If you're one of the investors who received an invitation to Betaspring's Demo Day September 8, you might see Jamal Motlagh threatening to turn the clothing industry on its head with a blast of light.
Or something like that.
Motlagh's company, Fitted Fashion, develops custom clothing using a sort of body scanner — don't panic, the result looks more like a constellation of glowing dots than a human being. His company is one of 11 that will present at the third annual event, which gives startup companies eight minutes to pitch their ideas to more than 100 investors.
Past successes have included NuLabel, a company that markets adhesive labels that do not require backing, and which can apparently save companies lots of money. NuLabel debuted in 2009 and has already raised millions of dollars, says Allan Tear, managing partner of business incubator Betaspring.
Last year, there was GreenGoose, which develops sensors that can be placed on things like water bottles and dog collars, allowing you to keep track of how often you play with your dog, for example. By logging into a personal account, you get can rewards and play games related to your real-life activities, explains Tear.
There was also Manpacks, a company that sells men's socks, underwear, and condoms through subscriptions. Yes, seriously. A man simply picks his desired . . . parcel . . . and the essentials arrive every three months.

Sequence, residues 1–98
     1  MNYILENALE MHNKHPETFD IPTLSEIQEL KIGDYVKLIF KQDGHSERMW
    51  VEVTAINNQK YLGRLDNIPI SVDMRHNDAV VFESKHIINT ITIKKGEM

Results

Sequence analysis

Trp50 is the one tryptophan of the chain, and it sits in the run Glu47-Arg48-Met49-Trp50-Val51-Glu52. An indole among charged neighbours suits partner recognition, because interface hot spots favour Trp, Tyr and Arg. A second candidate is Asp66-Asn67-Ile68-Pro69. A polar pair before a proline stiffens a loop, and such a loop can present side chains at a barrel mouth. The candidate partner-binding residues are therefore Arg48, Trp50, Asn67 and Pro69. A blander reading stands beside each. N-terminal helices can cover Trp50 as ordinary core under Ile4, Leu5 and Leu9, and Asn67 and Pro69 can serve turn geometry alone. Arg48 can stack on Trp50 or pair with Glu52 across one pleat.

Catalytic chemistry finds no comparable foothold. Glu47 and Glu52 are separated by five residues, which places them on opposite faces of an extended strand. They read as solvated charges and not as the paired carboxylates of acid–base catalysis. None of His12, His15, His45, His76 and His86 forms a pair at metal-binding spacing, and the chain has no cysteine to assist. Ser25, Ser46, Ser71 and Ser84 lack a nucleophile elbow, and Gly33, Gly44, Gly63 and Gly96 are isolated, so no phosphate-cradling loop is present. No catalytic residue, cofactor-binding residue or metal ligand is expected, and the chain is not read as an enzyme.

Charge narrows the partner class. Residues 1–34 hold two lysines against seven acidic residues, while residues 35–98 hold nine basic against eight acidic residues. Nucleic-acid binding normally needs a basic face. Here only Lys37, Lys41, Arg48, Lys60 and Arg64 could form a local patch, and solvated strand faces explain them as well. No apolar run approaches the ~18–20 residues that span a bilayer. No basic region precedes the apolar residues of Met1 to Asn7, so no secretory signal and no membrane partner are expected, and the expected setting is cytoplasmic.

"It's proven to be very popular, both because it's a good idea and because they're very good marketers," says Tear.
Lots of people have great ideas. A small fraction extract tons of cash from those ideas. Getting into the latter category usually involves convincing wealthy and powerful people that you should have their money.
That's where Betaspring comes in. It's a startup accelerator, meaning it gives budding technology and industrial design companies a little money and a lot of mentorship to help them launch their products. Entrepreneurs apply and, if selected, attend a 12-week program in Providence. On Demo Day, they show their stuff in front of investors.
While there are dozens of startup accelerators in the country, Tear says Betaspring is the only one with a dedicated track for physical products — those tangible items that, like adhesive labels, exist outside the murky ether of the Internet.
Forty percent of the companies that participate in Betaspring will fail over the next two years, estimates Tear. Another third will grow quickly, and the remaining third will grow enough to survive.
I asked Motlagh why his company is not destined to fail.
There's an element of luck to it, he admits. But he also seems confident that he is onto something big. Fitted Fashion is creating a platform that could allow designers to make clothing that actually fits people, he explains.
The company is also making shopping simpler for people who do not like it or lack time to do it — but who have the money (between $150 and $200 for a pair of jeans) to buy custom clothes.
Far from being nervous about Thursday's presentation, Motlagh tells me he can't wait. "I'm like giddy about it," he says.
Betaspring mentors have helped Motlagh prepare for the eight-minute presentation. His pitch centers on the idea that "clothing is broken." And he cites one example that shakes me to my core.
"Something like 80 percent of women wear the wrong-sized underwear," he says.